A third option is the most moderate as it does not involve the activation of any mutual defense clauses or treaties. According to the latest reports, this seems to be the most likely option. This option would essentially be a status quo with no drastic change in troops, equipment, and agreements. Due to some political disagreements between the EU and Western European countries, Poland is unlikely to rely on the EU defense clause. Moreover, as previously examined, the activation of NATO’s Articles 5 or 4 might increase Russia’s concerns, increasing the likelihood of an attack. The quick response of Western leaders, who organized a special meeting on the side of the G20 in Bali, Indonesia, highlights that cooperation does not require the activation of highly politicized tools: western countries are already highly coordinated regarding the Ukraine conflict without the activation of any NATO Article. Moreover, NATO has already dispatched troops in Eastern Europe, with 11600 troops and air defenses deployed primarily in Poland.
Despite the alarming headlines, the missile strike in Poland is unlikely to change the current situation. The stakes are too high to cause a hasty response and the first public statements prove that. As Russia becomes an international pariah, currently losing a conflict it started and losing about 100,000 men in the process, Poland and NATO, are unlikely to make any drastic decisions that would divide the international community further and result in irreparable consequences. While some allied countries, such as France, might offer additional military assistance to Poland to strengthen their ties, any additional support would not represent a significant shift since NATO forces are already deployed along the organization’s eastern border. This crisis will likely lead to more international assistance to Ukraine, particularly air defense, in order to avoid repeating the Polish incident. But the situation will not resolve until the constant bombardment of Ukraine cities beyond the frontline stops: as this event has shown, the failure of a missile poses direct risks to neighboring countries, and if this were to happen with a Russian-launched missile the consequences could be dire. Nevertheless, this episode highlights how strong the coordination and information system of NATO is in avoiding any escalation.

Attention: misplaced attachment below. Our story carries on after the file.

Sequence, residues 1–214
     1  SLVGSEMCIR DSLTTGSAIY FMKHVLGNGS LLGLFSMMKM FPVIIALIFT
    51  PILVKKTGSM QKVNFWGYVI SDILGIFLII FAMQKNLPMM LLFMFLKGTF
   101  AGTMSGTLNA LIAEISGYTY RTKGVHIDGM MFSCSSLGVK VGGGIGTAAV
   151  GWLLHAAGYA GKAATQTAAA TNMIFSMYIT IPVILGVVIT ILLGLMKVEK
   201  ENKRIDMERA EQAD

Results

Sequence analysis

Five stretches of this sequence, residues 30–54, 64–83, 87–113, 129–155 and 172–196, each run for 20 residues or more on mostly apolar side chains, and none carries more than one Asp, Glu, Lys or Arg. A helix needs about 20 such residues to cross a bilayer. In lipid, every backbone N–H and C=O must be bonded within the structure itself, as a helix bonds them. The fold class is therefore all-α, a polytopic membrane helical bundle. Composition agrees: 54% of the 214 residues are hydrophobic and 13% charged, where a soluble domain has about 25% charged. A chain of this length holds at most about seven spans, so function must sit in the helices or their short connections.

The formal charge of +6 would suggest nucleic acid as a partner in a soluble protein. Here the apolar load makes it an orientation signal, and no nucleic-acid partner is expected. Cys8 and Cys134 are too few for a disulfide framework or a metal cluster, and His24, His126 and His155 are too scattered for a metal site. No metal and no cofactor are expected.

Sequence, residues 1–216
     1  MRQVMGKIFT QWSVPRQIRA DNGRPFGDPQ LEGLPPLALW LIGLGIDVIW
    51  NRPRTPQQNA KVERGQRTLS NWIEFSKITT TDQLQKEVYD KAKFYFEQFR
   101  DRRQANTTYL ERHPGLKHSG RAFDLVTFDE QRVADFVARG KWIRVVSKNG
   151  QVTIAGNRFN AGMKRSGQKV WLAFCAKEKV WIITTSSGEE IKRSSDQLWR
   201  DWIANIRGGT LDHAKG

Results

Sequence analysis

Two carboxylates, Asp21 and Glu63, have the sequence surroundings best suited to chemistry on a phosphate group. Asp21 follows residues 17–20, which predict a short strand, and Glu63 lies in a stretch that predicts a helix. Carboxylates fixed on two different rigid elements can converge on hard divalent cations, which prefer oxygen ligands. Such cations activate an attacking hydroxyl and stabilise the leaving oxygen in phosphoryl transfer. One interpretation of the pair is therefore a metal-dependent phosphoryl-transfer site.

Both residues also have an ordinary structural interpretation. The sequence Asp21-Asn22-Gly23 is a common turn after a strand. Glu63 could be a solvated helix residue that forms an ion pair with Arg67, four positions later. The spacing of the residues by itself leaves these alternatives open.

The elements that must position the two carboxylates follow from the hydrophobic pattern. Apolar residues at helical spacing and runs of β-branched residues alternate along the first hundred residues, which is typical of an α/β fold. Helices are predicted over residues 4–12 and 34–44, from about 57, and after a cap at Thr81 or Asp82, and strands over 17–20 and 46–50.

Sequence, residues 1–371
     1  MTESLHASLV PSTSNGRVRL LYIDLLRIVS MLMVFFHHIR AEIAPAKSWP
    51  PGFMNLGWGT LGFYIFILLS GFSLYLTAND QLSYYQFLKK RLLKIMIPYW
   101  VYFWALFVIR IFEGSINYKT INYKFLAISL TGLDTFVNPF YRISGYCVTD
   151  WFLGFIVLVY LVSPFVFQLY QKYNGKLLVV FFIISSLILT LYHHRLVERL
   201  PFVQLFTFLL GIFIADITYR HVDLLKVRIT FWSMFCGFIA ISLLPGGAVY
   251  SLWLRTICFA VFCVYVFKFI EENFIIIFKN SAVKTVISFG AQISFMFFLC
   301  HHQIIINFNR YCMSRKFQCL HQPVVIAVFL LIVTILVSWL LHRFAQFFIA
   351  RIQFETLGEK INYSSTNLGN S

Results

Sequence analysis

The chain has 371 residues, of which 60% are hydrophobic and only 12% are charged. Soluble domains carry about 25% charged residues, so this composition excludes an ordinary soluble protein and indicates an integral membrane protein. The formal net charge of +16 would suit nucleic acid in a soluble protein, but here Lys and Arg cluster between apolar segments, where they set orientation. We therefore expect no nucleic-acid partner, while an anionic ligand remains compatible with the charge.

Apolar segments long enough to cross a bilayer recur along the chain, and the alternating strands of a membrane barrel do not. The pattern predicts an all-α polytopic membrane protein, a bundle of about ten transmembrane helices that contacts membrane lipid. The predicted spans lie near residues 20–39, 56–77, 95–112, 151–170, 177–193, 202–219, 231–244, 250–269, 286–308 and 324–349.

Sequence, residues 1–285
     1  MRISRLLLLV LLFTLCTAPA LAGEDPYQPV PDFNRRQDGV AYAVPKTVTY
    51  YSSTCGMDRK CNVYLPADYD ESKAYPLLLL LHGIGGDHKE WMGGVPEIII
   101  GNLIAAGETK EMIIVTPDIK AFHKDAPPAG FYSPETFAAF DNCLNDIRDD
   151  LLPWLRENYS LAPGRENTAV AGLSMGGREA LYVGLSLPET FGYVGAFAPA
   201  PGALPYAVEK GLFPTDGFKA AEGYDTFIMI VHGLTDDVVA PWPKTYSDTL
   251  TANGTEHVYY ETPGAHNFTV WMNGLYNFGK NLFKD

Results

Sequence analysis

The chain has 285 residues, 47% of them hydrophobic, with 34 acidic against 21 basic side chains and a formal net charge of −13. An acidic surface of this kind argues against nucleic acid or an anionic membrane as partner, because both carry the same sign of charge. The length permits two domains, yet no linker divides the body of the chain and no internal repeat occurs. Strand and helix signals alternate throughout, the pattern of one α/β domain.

Maël Le Roux (he/him) is a second-year MA student in the International Relations program at NYU, focusing on the Asian concentration. He is originally from Paris, France and holds a double Bachelor’s degree in History and Political Science from the Paris 8 University. Passionate about diplomacy and security matters, he has been the UN Advocacy Intern for ChildFund Alliance, and regularly writes articles, notably in the New York Transatlantic and the Journal of Political Inquiry. His research interest are international security, France, the EU, and his regional focus is on Asia-Pacific. On his free-time he enjoys photography, walking around the city, going to obscure local shops and complaining about ice hockey.